The “Trivium” is simply a means of describing the learning stages of children as they mature. Parents often recognize the stages through which their children pass as they mature. The “Trivium” focuses on the educational method to best develop a knowledgeable, thinking, and articulate student. As the name implies, there are three stages represented in the “Trivium”: Grammar, Logic and Rhetoric.
Grammar Stage – Kindergarten through 6th Grade
During the “Grammar” stage, children are particularly adept at memorization. Young children learn songs, rhymes, and recite facts with relative ease. Because young children are so eager to memorize, they will make up nonsensical playground rhymes, therefore, we challenge them by providing substantial subject matter for them to memorize.
Each subject has it’s own grammar. In science, children memorize facts about nature. In math, children memorize times tables. In Latin, teachers emphasize vocabulary. Throughout each year in grammar school, classically educated children learn the factual foundation of each subject. We use songs, chants, and rhymes to help children enjoy the learning experience.
Logic Stage – 7th Grade and 8th Grade
The “Logic” phase involves ordering facts into organized statements and arguments. During the middle school years, children are beginning to think independently. They often develop a propensity for argument.
Classical education teaches children in this phase to argue well. The study of formal logic helps students understand the fundamentals of a good argument. Practice in making written and oral arguments helps to further develop these skills. Teachers encourage the use of argumentation in each subject.
Again, each subject has its own logic. In science, we use the development and testing of hypothesis. In math, we develop students’ ability to logically orient numbers through the more abstract concepts of algebra and trigonometry.
Rhetoric Stage – 9th Grade through 12th Grade
Rhetoric is the art of communicating well. Once a student has obtained knowledge of the facts and developed the skills necessary to arrange those facts into arguments, he must develop the skill of communicating those arguments to others.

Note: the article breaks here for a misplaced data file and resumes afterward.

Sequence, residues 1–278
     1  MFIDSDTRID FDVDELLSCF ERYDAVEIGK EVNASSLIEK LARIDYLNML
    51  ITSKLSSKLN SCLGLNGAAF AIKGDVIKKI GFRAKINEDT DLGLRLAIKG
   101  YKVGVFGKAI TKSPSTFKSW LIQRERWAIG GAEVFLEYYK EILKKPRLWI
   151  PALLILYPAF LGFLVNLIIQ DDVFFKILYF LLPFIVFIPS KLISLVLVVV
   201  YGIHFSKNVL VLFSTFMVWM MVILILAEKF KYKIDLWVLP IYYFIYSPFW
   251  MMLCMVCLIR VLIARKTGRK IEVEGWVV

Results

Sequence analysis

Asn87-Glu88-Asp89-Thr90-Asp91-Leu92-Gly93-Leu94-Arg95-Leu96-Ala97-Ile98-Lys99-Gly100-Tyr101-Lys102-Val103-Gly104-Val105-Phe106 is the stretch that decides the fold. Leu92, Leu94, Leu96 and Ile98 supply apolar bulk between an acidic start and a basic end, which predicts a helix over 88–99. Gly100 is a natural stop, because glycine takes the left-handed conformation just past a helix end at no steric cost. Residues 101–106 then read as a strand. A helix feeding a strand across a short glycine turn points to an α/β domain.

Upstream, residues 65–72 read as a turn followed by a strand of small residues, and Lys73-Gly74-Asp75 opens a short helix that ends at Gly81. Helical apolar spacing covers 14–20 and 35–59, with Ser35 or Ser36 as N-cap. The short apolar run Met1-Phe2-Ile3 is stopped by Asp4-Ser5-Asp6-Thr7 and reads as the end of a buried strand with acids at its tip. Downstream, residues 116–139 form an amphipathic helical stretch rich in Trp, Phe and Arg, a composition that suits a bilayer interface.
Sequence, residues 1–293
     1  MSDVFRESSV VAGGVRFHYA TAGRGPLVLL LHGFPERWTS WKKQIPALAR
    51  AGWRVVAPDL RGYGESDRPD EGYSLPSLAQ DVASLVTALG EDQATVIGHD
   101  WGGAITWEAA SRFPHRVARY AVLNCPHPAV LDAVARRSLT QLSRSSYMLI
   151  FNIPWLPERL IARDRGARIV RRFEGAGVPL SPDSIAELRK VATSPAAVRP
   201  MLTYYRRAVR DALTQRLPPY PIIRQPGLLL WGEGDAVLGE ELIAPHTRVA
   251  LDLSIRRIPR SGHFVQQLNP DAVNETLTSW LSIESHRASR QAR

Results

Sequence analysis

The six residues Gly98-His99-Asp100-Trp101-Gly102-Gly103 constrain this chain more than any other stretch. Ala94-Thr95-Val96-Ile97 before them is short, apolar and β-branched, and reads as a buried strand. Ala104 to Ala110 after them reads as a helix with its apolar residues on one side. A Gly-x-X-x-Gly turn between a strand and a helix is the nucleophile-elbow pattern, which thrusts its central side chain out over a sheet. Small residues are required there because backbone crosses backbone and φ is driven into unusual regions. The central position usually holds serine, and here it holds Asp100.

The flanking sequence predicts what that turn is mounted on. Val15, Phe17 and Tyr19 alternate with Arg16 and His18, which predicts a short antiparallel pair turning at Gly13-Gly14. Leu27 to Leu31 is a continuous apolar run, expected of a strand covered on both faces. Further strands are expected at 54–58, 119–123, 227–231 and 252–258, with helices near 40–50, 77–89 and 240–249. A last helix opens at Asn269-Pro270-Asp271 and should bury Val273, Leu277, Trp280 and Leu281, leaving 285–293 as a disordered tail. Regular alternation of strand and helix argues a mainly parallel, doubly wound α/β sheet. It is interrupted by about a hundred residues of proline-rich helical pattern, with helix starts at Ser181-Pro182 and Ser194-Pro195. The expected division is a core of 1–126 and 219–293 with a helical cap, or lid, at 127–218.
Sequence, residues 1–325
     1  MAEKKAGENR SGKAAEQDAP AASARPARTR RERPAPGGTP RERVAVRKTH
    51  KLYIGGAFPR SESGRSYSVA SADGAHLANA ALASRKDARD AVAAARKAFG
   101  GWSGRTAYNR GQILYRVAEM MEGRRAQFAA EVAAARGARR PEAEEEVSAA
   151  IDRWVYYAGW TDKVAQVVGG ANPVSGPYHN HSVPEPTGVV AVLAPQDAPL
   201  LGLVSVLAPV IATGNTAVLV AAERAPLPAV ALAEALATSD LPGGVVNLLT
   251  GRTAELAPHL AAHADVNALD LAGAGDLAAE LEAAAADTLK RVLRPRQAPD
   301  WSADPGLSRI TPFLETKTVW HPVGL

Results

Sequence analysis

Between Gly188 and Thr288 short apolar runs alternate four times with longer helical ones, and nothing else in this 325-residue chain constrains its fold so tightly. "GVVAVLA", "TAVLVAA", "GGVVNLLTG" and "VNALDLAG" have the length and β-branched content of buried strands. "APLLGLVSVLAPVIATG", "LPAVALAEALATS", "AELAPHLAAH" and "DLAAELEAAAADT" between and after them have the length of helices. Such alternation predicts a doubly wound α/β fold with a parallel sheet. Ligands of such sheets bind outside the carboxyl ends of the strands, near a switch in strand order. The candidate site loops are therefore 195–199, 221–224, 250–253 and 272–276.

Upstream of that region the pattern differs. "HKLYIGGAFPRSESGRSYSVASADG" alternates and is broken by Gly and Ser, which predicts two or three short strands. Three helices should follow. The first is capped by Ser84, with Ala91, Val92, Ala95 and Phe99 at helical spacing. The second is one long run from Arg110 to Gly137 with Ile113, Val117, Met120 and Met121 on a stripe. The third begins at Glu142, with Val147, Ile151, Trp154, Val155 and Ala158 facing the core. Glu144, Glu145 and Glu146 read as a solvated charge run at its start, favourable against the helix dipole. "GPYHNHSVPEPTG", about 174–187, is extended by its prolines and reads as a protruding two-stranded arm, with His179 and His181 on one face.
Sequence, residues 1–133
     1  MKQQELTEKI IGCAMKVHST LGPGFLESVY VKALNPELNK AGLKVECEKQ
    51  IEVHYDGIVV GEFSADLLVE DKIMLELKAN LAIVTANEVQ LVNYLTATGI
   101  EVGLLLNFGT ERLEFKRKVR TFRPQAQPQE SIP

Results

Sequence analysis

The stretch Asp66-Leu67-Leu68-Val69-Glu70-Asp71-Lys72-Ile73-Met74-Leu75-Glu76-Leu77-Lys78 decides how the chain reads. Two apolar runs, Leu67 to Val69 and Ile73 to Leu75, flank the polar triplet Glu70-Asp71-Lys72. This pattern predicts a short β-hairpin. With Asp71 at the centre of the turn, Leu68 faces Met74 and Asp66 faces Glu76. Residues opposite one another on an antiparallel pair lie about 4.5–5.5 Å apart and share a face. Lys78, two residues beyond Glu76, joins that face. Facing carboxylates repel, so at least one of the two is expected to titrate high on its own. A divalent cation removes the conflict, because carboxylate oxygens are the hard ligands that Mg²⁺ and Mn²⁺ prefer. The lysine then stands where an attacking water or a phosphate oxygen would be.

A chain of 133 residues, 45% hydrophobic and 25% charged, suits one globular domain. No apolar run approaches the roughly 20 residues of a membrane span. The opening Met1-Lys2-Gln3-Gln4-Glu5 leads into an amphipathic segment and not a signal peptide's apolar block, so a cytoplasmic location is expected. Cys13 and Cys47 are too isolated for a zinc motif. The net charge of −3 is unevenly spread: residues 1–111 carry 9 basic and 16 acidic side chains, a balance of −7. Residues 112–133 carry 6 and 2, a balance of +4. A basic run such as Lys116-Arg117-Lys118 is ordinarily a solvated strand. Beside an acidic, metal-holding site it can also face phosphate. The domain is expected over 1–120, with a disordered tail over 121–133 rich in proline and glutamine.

During the high school years, students become concerned with what others think of them. Classical education helps students develop their minds to think and articulate concepts to others. Writing papers, researching, and orating ideas are skills required in all subjects.
While each component has its “sweet spot” during a particular stage, all skills are developed during all levels. A second grader will develop certain logic and rhetoric skills. A high school student will still acquire extensive knowledge in specific subjects. Emphasis is simply placed on different phases during different ages.
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Solve et Coagula
mating man and machine
Solve et Coagula is primarily an attempt to give birth to a new life form: half digital, half organic. Through a multisensorial, full duplex sensory interface the installation networks the human with an emotional, sensing and artificially intelligent creature; it mates man with a machine turned human and everything that goes with it: ecstatic, monstrous, perverted, craving, seductive, hysterical, violent, beautiful.
Solve et Coagula is a post-human life form. It presents the emergence of a new species, a bio-cybernetic symbiosis, transforming the conception of being human by networking man with a sensing and emotional machine. Through a bio-cybernetic interface, the installation extends the computer’s logic and intelligence into a human domain of dark desire.
Let’s Meet-up and Get Our Hands in the Backyard!